Video

Video Stockton Community, Police, Work to Improve Relations

Relations are tense between minority communities and police departments around the United States following police shootings that have generated widely-publicized protests. VOA's Mike O’Sullivan reports from Stockton, California, where police and community groups are working toward solutions, with backing from Washington.
Video

Video Indiana Controversy Highlights Divergent Meanings of Religious Freedom

Indiana’s state government has triggered a nationwide controversy by approving a law that critics say is aimed at allowing discrimination against gays and lesbians. The controversy stems from divergent notions of religious freedom in America. VOA's Jerome Socolovsky reports.
Video

Video Report: State of Black America a 'Tale of Two Nations'

The National Urban League has described this year's "State of Black America" report as a "tale of two nations." The group's annual report, released earlier this month (March), found that under an equality index African Americans had only 72% parity compared to whites in areas such as education, economics, health, social justice and civic engagement. It’s a gap that educators and students at Brooklyn’s Medgar Evers College are looking to close. VOA's Daniela Schrier reports from the school.
Video

Video Film Tells Story of Musicians in Mali Threatened by Jihadists

At this year's annual South by Southwest film and music festival in Austin, Texas, some musicians from Mali were on hand to promote a film about how their lives were upturned by jihadists who destroyed ancient treasures in the city of Timbuktu and prohibited anyone from playing music under threat of death. As VOA’s Greg Flakus reports from Austin, some are afraid to return to their hometowns even though the jihadists are no longer in control there.
Video

Video Ebola Vaccine Trials Underway in West Africa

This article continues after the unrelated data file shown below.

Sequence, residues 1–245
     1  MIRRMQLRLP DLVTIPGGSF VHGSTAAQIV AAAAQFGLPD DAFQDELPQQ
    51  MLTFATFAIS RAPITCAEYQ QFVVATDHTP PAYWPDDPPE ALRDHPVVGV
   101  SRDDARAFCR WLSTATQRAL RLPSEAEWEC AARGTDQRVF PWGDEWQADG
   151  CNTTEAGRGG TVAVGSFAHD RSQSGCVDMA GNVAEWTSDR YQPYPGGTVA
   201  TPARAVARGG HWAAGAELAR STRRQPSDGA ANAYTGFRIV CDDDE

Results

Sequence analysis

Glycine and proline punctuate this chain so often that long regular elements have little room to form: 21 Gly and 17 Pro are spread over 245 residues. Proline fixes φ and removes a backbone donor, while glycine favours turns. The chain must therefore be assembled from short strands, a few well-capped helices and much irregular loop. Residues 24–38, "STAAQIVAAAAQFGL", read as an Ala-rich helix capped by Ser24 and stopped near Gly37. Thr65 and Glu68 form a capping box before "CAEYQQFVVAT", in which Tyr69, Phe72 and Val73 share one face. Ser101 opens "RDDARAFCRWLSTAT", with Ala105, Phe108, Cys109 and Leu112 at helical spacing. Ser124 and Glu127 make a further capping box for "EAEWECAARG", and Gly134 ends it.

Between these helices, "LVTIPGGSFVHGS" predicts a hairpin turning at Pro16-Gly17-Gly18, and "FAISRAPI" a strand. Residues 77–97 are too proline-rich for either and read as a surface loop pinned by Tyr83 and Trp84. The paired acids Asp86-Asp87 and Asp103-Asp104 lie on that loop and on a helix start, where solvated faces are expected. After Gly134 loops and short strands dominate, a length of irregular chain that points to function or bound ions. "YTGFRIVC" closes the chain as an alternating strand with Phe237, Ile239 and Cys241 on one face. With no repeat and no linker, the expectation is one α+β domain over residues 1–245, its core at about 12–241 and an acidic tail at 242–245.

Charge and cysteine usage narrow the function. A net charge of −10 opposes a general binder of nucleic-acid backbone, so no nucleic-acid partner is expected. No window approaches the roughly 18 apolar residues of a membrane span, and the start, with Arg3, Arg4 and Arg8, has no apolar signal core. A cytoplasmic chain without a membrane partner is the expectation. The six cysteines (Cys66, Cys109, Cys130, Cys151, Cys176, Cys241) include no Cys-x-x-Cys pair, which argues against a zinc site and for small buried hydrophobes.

Ebola has claimed the lives of more than 10,000 people in West Africa. Since last summer, researchers have rushed to get anti-Ebola vaccines into clinical trials. While it's too early to say that any of the potential vaccines work, some scientists say they are seeing strong results from some of the studies. VOA's Carol Pearson reports.
Video

Video Philippines Wants Tourists Spending Money at New Casinos

Tourism is a multi-billion dollar industry in the Philippines. Close to five million foreign visitors traveled there last year, perhaps lured by the country’s tropical beaches. But Jason Strother reports from Manila that the country hopes to entice more travelers to stay indoors and spend money inside new casinos.
Video

Video Civilian Casualties Push Men to Join Rebels in Ukraine

The continued fighting in eastern Ukraine and the shelling of civilian neighborhoods seem to be pushing more men to join the separatist fighters. Many of the new recruits are residents of Ukraine made bitter by new grievances, as well as old. VOA's Patrick Wells reports.
Video

Video Cambodian Land Grabs Threaten Traditional Communities

Indigenous communities in Cambodia's Ratanakiri province say the government’s economic land concession policy is taking away their land and traditional way of life, making many fear that their identity will soon be lost. Local authorities, though, have denied this is the case. VOA's Say Mony went to investigate and filed this report, narrated by Colin Lovett.

VOA Blogs

Circumventing Censorship

An Internet Primer for Healthy Web Habits

As surveillance and censoring technologies advance, so, too, do new tools for your computer or mobile device that help protect your privacy and break through Internet censorship.
More